Amy L. Brandt, a young curator at the Chrysler Museum of Art in Norfolk, Virginia, died on May 15, age 37. The cause was not disclosed but was described as “a valiant health struggle.”
Brandt became the Chrysler’s first curator of modern and contemporary art in 2011, just as she was completing her PhD at the Graduate Center at the City University of New York. She was responsible for the 2,400-piece modern and contemporary collection. The first exhibition she organized from the collection was “Al Capp, Li’l Abner and American Pop Art” which included 10 comic-inspired prints. Among the other shows she curated during her brief tenure are those on Mark Rothko, Judith Braun, and Saya Woolfalk, as well as the museum’s presentation of the traveling exhibition “30 Americans,” drawn from the Rubell Collection in Miami.
Significantly, in April, her exhibition “Tseng Kwong Chi: Performing for the Camera” opened at the Grey Gallery at New York University, and has received favorable reviews in the New York Times and other publications. The show will travel to the Chrysler in mid-August and then to Tufts University Art Gallery and the Block Gallery of Northwestern University.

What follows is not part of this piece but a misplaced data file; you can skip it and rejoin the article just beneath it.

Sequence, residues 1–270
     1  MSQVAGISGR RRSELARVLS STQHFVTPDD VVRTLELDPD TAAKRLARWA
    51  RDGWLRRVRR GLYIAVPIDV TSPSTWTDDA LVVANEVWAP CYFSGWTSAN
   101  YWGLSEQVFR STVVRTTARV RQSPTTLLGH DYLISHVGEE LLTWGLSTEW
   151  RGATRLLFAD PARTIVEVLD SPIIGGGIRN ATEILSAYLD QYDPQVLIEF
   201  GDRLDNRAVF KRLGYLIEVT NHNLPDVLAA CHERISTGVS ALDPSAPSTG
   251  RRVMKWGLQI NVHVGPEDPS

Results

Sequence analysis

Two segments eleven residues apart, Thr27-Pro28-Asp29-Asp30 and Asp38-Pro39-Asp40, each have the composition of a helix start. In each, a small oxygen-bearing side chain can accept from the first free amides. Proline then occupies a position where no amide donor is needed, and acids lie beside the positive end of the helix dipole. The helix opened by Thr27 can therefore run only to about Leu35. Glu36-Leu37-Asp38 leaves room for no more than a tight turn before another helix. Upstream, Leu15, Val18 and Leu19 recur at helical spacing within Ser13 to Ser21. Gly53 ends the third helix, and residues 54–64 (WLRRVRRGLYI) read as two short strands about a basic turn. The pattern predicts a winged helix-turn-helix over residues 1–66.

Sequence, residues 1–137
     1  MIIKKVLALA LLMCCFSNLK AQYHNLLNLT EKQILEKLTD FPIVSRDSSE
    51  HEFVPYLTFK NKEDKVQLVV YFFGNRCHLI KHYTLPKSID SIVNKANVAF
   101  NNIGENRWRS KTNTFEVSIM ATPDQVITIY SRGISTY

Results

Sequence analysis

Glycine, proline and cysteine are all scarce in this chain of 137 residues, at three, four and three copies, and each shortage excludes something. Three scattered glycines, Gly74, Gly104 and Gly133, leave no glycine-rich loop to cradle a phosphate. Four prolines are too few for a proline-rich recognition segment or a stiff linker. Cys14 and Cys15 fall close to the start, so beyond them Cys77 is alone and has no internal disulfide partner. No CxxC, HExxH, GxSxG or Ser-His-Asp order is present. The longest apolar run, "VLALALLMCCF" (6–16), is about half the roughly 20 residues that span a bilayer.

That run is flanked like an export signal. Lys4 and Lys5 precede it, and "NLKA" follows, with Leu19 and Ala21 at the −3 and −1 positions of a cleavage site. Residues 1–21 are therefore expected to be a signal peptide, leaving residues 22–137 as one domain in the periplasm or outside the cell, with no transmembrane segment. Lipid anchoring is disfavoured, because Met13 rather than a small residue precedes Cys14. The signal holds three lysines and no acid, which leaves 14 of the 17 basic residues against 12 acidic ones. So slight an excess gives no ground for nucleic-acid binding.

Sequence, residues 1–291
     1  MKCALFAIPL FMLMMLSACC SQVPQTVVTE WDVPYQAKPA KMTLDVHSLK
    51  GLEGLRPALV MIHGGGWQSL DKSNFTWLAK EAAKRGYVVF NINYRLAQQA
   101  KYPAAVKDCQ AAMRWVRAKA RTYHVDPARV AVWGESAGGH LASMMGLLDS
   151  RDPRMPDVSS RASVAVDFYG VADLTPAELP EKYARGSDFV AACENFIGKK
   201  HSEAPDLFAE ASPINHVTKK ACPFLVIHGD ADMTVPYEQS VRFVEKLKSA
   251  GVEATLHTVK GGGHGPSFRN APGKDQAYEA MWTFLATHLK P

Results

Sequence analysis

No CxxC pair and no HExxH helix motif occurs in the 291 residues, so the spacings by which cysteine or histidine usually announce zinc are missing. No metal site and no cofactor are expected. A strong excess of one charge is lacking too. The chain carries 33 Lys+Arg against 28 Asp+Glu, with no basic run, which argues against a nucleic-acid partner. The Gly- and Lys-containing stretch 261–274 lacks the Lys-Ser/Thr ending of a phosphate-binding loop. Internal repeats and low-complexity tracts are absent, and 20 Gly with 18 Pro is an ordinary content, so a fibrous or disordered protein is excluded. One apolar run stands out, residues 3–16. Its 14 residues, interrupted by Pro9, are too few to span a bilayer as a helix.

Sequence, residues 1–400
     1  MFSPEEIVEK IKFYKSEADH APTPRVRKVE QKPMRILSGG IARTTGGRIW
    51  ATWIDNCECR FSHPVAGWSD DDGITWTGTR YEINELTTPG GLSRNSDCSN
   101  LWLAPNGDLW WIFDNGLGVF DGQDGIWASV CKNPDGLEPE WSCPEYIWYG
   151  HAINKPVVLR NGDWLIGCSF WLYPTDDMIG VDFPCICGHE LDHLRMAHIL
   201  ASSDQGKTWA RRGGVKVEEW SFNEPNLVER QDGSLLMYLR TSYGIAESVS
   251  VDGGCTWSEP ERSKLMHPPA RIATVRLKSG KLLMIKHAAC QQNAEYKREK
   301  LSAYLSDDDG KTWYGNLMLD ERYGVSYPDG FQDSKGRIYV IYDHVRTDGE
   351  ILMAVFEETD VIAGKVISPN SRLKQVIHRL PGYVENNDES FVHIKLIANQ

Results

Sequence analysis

Brandt’s dissertation on neo-geo art, titled Interplay: Neoconceptual Art of the 1980s, was published in 2014 by MIT Press. Among the acquisitions she made fro the Chrysler are three of Jeppe Hein’s Geometric Mirrors, Maya Lin’s Caspian Sea, a Nick Cave Sound Suit, and a series of photographic works by Barkley Hendricks, Suzanne Opton, and Robin Rhode.
She received her bachelor’s degree from the University of Michigan, an MA from Tufts University, and a license in art history from the Sorbonne in Paris. Prior to the Chrysler, Brandt held various positions at the Brooklyn Museum, the Guggenheim Museum, and the American Federation of Arts in New York.
Brandt is survived by her husband, David Arthur, and their daughter Emma, who was born in 2013